HERE LIES... Paul Williams' rock opera score for Phantom of the Paradise, lain to rest by Nelson Riddle's nostalgia-drenched work on The Great Gatsby.
Andreas here with more spoooky Oscar Horrors, this time singing the praises of composer Paul Williams. His Oscar-nominated work on Brian De Palma's horror musical astonishes with its versatility, bouncing from one pop mode to another—surf rock to glam rock to piano ballad—all the while keeping tempo with De Palma's virtuosic visuals. The songs aren't hollow pastiches, either; Williams imbues them with surprising emotional depth, coloring the whole film with their underlying melancholy. In order to pull off such an operatic saga, De Palma needed big music, and Williams really delivers.
Phantom, after all, is a macabre tale of the music industry, filled with songwriters, divas, and wannabes (Williams himself even co-stars as the villainous Swan, a kind of Mephistopheles by way of Phil Spector.) The characters, like composer-turned-phantom Winslow Leach and his beloved Phoenix, speak the language of show-stopping musical numbers. The plot is driven by one such song, "Faust," written by Winslow and stolen by Swan, reprised over and over as the characters' relationships shift.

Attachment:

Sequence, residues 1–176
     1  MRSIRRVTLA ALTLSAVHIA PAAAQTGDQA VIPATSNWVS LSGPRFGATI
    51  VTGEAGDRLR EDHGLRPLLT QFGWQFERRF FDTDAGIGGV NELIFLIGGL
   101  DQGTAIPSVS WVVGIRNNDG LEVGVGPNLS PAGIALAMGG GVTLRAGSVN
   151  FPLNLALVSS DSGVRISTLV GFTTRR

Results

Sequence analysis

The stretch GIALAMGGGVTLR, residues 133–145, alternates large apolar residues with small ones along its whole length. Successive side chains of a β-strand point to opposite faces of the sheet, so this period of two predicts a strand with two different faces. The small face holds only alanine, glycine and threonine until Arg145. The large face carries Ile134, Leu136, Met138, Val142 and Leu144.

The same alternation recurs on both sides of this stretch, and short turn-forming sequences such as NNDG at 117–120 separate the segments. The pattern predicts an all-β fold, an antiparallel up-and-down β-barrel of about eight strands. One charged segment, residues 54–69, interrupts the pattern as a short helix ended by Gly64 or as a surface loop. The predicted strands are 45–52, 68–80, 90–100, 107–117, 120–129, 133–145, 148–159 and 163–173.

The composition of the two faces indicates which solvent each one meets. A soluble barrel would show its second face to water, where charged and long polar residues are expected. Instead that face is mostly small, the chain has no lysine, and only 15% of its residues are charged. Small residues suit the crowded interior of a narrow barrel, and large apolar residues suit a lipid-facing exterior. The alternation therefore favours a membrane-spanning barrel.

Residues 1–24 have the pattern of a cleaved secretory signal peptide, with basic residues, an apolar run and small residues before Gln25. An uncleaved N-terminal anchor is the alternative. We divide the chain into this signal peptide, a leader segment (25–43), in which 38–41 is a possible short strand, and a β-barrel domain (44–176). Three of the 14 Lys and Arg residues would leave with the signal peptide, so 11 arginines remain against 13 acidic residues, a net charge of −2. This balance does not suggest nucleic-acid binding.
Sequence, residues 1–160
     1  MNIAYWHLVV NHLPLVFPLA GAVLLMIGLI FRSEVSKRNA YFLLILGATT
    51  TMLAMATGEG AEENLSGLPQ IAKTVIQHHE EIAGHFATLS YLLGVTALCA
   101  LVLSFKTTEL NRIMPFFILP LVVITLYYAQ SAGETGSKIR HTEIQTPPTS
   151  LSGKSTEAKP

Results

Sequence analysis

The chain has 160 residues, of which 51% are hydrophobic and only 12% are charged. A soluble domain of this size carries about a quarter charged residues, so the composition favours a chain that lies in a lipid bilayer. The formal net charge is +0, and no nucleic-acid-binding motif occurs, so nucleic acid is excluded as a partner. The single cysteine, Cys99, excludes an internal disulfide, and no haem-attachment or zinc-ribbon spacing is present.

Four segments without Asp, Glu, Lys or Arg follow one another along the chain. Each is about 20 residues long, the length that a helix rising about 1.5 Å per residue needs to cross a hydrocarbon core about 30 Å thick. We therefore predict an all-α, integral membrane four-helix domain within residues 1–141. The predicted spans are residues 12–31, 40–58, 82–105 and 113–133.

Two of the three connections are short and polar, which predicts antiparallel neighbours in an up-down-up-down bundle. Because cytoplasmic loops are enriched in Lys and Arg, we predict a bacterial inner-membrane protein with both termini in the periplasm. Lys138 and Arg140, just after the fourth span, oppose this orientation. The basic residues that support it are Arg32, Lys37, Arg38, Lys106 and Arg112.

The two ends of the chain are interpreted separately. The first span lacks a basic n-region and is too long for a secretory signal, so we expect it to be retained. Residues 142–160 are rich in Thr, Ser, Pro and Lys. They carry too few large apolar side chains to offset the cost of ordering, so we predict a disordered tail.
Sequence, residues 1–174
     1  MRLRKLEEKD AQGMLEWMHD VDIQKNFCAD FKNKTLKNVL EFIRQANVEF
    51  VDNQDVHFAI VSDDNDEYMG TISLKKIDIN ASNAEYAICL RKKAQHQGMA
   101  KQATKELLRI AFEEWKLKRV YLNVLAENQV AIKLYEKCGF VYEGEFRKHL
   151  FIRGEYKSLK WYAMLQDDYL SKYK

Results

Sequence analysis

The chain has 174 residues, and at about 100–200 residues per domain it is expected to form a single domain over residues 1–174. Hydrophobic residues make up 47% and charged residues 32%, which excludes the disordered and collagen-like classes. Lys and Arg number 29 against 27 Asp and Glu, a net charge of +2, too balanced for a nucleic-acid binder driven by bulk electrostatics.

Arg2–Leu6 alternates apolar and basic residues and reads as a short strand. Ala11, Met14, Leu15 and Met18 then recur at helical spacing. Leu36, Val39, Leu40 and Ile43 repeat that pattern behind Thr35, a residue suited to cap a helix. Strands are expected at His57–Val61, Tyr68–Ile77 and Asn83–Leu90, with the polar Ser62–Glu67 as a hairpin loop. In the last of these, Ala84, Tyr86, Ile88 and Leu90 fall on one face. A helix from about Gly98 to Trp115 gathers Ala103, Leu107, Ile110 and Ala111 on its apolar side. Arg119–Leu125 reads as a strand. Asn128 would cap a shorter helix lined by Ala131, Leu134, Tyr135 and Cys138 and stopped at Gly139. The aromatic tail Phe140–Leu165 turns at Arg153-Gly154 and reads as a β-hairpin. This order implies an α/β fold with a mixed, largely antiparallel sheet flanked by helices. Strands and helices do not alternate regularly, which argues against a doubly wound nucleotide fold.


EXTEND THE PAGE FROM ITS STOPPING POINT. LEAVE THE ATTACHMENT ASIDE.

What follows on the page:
All my dreams are lost and I can't sleepAnd sleep alone could ease my mindAll my tears have dried and I can't weep...
Like so much of the soundtrack, "Faust" is rich with longing and regret, paralleling the film's themes of love, fame, and sacrifice. Williams' music matches the rest of the film's mood so well: funereal and otherworldly, with a strain of twisted dark comedy. The jukebox-ready opening number "Goodbye, Eddie, Goodbye" demonstrates this latter trait especially well, as does "The Hell of It." Perhaps the film's best song, "The Hell of It" plays over the ending credits, with Williams gleefully singing its damnation-centric lyrics: "And though your music lingers on, all of us are glad you're gone!"
Williams himself is not gone—as we're reminded by the new documentary Paul Williams Still Alive—but his music for Phantom of the Paradise sure lingers on, and on, and on.